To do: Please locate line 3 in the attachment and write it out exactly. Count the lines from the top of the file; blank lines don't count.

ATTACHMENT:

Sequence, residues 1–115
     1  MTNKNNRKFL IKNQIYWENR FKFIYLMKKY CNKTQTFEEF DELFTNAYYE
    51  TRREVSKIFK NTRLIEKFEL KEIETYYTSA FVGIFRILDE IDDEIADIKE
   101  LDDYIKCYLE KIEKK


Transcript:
    51  TRREVSKIFK NTRLIEKFEL KEIETYYTSA FVGIFRILDE IDDEIADIKE